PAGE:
It wouldn't be for every dog but my little rescued, toothless Maltese gets Primal raw nuggets along with cooked carrots or sweet potatoes or peas as "treats" (because she can't eat hard foods without teeth).
I say do your research and go with your gut when it comes to feeding your precious baby!

Anonymous said...

Hi, Glad to see your researching foods but there is a lot of incorrect information about corn circling the internet. Corn gluten meal is a great source of protein for dogs.
I am a vet tech, we do get a year of nutritional education in school.
Royal Canin and Science Diet are recommended by Vets because they are high quality food with research backing up their formulation.
I see a lot of dogs in the clinic on "holistic" food because their humans think they have allergies. Based on research at guelph, allergies account for less than 1% of skin issues in dogs and only 3% of that is caused by food and a fraction of that is caused by corn (beef has more allergic reactions than corn in dogs).
When they say high quality by-products that means there was a vet at the abattoir choosing healthy livers, hearts and bones for calcium, L-carnitine and glucosamine etc. They don't use beaks, feathers, hooves and so on in high quality food.
Chicken meal is actually better then just chicken because there is no water, it has much more protein after the cooking process.
However, the "best" food may not be the right match for Oscar. Try a few high quality brand and see which works best.
Hope this helps, good luck :)

-- said...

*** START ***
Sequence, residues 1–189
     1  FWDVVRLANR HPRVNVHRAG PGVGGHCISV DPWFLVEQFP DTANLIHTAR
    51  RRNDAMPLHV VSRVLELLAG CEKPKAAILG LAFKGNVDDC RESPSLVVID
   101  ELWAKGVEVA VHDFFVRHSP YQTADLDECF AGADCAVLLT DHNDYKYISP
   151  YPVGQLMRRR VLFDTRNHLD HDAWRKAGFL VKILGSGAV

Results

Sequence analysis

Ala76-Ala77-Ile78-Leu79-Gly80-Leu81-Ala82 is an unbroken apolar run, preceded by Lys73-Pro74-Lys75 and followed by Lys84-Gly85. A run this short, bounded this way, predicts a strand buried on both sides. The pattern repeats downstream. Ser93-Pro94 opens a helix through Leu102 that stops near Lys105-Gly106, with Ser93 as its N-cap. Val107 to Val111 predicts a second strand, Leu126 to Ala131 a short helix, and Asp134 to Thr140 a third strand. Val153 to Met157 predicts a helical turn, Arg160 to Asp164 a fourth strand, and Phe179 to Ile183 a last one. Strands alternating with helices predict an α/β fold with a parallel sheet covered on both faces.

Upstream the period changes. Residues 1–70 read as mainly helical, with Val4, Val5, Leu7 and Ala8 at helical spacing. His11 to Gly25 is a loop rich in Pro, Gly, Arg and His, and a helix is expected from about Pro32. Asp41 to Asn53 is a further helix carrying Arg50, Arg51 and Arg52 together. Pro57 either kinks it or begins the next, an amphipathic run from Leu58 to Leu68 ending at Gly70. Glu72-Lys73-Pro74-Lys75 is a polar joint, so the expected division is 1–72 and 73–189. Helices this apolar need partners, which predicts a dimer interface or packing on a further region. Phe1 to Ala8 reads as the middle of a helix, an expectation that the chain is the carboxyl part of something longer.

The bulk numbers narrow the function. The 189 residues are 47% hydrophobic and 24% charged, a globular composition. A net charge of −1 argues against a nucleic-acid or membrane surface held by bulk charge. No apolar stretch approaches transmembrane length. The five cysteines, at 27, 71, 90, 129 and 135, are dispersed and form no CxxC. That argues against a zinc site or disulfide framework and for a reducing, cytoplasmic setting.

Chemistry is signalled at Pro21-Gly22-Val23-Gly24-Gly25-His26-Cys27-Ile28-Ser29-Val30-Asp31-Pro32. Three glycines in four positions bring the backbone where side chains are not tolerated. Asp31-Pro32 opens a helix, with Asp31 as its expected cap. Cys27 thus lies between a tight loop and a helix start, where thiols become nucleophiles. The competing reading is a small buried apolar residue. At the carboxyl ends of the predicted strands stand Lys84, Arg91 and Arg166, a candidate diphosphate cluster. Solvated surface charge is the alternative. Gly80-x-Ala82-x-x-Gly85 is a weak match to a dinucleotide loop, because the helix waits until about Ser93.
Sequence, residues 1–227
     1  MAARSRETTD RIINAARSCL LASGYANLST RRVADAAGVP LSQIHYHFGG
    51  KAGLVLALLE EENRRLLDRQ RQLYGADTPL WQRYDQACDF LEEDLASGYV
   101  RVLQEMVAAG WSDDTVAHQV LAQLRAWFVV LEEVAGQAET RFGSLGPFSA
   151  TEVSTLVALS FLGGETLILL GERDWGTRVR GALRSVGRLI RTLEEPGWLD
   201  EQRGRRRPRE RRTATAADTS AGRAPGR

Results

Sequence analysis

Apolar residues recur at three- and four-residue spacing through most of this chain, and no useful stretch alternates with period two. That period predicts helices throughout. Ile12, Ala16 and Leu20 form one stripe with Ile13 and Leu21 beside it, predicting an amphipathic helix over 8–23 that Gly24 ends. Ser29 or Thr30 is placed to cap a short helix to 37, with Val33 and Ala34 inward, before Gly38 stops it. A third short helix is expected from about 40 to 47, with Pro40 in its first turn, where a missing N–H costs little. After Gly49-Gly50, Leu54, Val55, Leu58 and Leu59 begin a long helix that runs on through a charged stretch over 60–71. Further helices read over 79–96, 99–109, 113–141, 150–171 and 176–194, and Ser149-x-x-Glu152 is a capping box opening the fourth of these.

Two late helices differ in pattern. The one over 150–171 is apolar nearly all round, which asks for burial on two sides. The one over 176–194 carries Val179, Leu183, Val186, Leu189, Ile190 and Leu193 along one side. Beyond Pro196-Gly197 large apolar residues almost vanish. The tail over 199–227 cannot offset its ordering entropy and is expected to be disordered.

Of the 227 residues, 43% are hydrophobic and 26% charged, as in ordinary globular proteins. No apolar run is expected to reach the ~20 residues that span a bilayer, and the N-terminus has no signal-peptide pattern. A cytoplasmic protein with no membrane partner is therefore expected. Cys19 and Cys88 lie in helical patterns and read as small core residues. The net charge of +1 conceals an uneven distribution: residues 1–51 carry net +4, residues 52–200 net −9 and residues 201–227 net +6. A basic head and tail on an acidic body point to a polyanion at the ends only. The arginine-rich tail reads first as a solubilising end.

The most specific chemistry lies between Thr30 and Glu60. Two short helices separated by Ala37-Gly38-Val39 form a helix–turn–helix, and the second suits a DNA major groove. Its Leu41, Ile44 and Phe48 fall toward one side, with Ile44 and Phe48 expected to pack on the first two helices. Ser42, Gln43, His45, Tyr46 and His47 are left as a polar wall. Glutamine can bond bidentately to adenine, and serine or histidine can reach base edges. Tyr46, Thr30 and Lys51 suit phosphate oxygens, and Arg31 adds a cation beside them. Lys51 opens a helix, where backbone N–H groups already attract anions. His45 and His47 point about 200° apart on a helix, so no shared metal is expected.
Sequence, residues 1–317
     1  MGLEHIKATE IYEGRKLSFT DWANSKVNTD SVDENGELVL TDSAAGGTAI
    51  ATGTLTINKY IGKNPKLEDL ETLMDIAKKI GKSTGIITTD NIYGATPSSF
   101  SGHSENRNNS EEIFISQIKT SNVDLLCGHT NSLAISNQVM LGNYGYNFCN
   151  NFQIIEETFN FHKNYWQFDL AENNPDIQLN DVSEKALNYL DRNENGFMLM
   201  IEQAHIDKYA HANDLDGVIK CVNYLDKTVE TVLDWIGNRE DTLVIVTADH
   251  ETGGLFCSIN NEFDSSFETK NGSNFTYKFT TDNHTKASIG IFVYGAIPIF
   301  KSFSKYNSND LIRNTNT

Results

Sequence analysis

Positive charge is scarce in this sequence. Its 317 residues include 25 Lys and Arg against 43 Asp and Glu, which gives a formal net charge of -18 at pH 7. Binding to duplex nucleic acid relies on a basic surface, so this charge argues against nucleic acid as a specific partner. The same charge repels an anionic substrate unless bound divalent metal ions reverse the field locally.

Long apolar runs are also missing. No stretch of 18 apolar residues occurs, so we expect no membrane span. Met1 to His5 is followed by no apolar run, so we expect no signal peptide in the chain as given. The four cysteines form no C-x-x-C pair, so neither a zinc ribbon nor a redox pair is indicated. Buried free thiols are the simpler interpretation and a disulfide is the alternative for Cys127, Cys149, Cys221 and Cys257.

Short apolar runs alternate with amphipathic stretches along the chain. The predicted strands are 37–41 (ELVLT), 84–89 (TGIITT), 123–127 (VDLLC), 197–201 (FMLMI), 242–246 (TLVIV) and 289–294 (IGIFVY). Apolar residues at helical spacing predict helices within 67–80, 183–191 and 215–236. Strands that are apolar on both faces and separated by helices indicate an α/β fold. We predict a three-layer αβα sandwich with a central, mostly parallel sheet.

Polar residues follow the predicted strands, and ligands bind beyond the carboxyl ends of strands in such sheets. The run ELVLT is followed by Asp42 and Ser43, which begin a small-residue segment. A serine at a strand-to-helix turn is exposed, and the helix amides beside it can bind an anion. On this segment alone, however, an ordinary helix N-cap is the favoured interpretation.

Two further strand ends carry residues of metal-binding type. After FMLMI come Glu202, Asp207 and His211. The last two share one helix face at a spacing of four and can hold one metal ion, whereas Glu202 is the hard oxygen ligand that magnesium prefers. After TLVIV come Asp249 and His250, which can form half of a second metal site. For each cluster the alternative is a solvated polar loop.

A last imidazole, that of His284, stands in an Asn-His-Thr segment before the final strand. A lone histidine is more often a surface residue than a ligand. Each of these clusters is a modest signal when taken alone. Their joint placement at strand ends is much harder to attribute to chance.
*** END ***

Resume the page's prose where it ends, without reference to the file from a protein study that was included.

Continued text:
My veterinarian told me the same thing and I had very similar reactions to you. I was originally feeding Sawyer Nutrience because that's what the breeder had started her on. We thought it was a pretty good brand until we started doing some research, realized corn is not so good, and switched to Acana. When we told our vet, he responded with the whole, "corn isn't so bad" and "Science Diet is really good too." Of course, as you mentioned, Science Diet was what they had on their shelves. I am also very confused and I see here that you have a vet tech responding to your posting who also says that corn isn't so bad. I'm not convinced. I had a very long conversation with an employee at Bark and Fitz, a pet store in the area. He was very knowledgeable, and also happens to host a local pet show on television. He told me that dogs just don't digest corn properly and it isn't in their natural diet (in fact, humans don't digest it so well either - hence, whole kernels in poop). He mentioned that beet pulp is also pretty bad for dogs and that the beets are stripped of all nutrients. He spoke to me for over an hour about healthy dog diet and I was convinced. No corn here. Anyway, you've heard it all before. Just think it's a very interesting debate.

Blue Eyes said...

Hi there! I've read your post and all the comments. What has barely been mentioned is that most kibble are bad because it's cooked. It takes out most of the nutrition, and some things might even become toxic after cooking.

I think you should look in to different kinds of raw food. If you're not comfortable by mixing it up yourself there are ready made "beef patties" and such. And there is also a sort of "kibble" that is freeze-dried (therefor never cooked, but not messy at all).